Note that the choice of a linked list is fairly arbitrary. One could use an array stack or binary search tree. I’m not clear why a linked list is the most popular choice here.
Regardless, chaining isn’t exactly the most efficient choice. It necessarily involves some level of indirection to store the auxiliary collections in an array, and those collections are going to require additional allocations to grow to fit an arbitrary number of elements. This means more wasted space, and a higher constant cost per operation.
This is where open addressing comes in. Rather than introducing any of this noise about auxiliary structures, it asks the question “why don’t you just look somewhere else”? Given some deterministic way of searching from the location of the conflict for different empty spaces, we can avoid adding indirection or extra allocations to our hashmap. However, this complicates the analysis. Now we don’t just need to worry about a true hash collision, we also need to worry about collisions with displaced elements. A poor choice of algorithm here can completely subvert even a perfect hash function!
However before we dig into open addressing schemes, let’s look at the problem of actually getting good hashing.
Hashing is technically an orthogonal issue to hashmap implementation. Any decent hashing scheme can be plugged into any decent hashmap implementation. But it’s an important problem that can influence hashmap design decisions. Hashing for a hashmap is also a fairly different problem from e.g. hashing a password. As such, it’s worth discussing here.
The goal of hashing is to take arbitrarily complex data and reduce it to a single (seemingly random) number. This number will be used to decide where the data should be inserted. Unfortunately, as we saw in the previous section, collisions can and will happen. The more collisions a function produces, the worse the map’s performance becomes.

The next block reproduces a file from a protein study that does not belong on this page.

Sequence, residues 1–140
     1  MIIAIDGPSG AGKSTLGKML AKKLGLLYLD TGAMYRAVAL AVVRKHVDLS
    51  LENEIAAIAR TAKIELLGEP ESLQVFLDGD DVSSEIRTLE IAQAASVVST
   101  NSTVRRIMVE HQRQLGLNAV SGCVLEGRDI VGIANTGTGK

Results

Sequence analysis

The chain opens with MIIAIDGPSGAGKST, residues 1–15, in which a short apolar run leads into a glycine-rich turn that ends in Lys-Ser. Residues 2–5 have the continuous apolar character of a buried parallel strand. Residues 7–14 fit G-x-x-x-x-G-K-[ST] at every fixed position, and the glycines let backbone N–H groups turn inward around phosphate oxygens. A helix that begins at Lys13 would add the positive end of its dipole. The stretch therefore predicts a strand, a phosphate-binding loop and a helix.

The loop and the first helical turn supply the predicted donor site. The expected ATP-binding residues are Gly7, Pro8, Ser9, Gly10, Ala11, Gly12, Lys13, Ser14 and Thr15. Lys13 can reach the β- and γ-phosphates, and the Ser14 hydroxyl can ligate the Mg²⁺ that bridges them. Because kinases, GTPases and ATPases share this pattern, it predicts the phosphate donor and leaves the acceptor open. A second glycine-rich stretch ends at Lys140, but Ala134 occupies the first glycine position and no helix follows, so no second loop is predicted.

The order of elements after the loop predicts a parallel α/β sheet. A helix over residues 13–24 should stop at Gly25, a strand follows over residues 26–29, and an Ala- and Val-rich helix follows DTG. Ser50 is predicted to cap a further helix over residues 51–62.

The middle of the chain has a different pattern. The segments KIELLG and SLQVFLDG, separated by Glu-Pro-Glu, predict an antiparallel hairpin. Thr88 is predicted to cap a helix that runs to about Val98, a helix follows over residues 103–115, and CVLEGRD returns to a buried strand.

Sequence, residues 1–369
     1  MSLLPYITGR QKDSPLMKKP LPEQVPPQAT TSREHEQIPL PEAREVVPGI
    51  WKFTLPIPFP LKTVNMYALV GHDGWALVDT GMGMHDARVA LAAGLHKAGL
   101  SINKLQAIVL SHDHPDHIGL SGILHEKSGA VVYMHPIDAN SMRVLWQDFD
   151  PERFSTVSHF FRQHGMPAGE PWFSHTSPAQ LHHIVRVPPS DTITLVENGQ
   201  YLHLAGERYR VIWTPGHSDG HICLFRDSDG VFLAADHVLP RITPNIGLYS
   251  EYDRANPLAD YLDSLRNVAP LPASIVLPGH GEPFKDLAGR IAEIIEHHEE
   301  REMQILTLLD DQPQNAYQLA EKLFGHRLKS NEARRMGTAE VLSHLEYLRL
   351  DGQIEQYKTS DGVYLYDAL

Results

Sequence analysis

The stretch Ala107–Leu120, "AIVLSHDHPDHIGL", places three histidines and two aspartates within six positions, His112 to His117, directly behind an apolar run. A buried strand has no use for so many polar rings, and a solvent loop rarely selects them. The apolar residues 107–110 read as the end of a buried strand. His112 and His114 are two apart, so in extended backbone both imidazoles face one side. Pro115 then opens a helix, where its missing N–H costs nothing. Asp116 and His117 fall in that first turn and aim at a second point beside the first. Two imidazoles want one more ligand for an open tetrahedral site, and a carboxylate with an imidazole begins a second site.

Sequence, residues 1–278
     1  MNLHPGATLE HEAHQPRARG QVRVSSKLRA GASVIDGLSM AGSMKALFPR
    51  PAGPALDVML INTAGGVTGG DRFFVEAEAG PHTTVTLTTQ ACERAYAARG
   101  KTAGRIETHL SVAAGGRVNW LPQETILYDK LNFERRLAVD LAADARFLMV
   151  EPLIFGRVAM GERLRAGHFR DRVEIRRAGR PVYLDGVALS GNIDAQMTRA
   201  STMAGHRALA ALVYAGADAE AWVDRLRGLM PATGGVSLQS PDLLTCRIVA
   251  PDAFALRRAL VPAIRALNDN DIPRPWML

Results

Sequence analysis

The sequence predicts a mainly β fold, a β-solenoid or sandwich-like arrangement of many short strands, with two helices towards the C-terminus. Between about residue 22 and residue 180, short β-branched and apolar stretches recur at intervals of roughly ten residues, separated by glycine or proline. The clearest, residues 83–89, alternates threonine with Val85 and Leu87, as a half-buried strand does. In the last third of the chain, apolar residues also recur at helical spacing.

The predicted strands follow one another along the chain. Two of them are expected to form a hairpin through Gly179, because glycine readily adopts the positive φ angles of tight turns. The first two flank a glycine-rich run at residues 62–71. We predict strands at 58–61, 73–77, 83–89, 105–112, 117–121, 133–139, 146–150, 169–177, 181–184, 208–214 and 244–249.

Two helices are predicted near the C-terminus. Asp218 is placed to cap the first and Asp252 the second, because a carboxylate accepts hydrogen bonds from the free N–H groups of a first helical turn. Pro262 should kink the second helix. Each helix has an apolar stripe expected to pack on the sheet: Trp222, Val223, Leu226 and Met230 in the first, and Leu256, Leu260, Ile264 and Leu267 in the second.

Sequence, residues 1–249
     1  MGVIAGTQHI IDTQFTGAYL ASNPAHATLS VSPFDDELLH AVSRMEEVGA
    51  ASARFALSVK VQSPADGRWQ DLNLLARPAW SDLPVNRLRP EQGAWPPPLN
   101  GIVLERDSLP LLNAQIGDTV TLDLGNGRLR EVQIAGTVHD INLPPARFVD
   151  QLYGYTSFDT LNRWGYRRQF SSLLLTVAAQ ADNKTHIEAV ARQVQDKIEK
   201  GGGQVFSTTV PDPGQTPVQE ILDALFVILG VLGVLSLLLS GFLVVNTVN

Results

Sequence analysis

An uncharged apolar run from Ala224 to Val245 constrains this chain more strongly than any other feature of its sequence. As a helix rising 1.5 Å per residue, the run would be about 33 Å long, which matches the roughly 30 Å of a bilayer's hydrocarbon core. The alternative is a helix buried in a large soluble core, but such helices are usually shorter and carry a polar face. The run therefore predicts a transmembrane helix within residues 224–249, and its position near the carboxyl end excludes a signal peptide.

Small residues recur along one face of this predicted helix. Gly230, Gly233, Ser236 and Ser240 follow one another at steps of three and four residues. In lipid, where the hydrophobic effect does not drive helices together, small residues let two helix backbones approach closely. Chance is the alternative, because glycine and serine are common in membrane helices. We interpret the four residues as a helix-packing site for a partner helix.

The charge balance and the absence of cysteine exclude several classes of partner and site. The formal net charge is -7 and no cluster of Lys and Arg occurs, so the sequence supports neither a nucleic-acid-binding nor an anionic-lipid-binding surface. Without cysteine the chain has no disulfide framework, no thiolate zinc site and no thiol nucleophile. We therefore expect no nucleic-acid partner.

In fact, this is actually an attack vector on applications! The attack is variously known as a denial of service attack, algorithmic complexity attacks, or hash flooding attack. If a malicious user can feed carefully crafted data to a hashmap that all happens to hash to the same value, the hashmap will often experience disastrous performance.
Consider a hashmap using linked-list chaining. If n distinct elements can be fed to this map that all hash to 0, then the map will effectively degenerate into a linked list. Worse, the entire list will be searched on every insertion. Simply constructing the map will take O(n2) time!
These kind of attacks were first described in detail in 2003 by Crosby and Wallach (html) (pdf) when they demonstrated attacks against the Perl programming language and several applications. Klink and Wälde popularized this kind of attack in 2011 (video) (slides) when they published an attack against the hashmap implementations in PHP, Java, Ruby, and several other languages that was able to lock up some popular web frameworks using relatively small POST requests.
That is, they literally just sent a few POST requests with carefully crafted argument names and the application completely locked up. They didn’t overflow any buffers or exploit any bad sanitation logic. Simply the act of storing the POST arguments in a hashmap was too much for them to computationally handle. That’s pretty scary, if you ask me!
The solution to this specific attack is simple and well-known: use a random hash function. If you have a random hash function, then it should be impossible for an attacker to determine a set of keys that all hash to the same value. The attacks by Crosby and Wallach were largely against fixed hash functions, for which collision families could be pre-computed by brute-force or slightly more advanced techniques.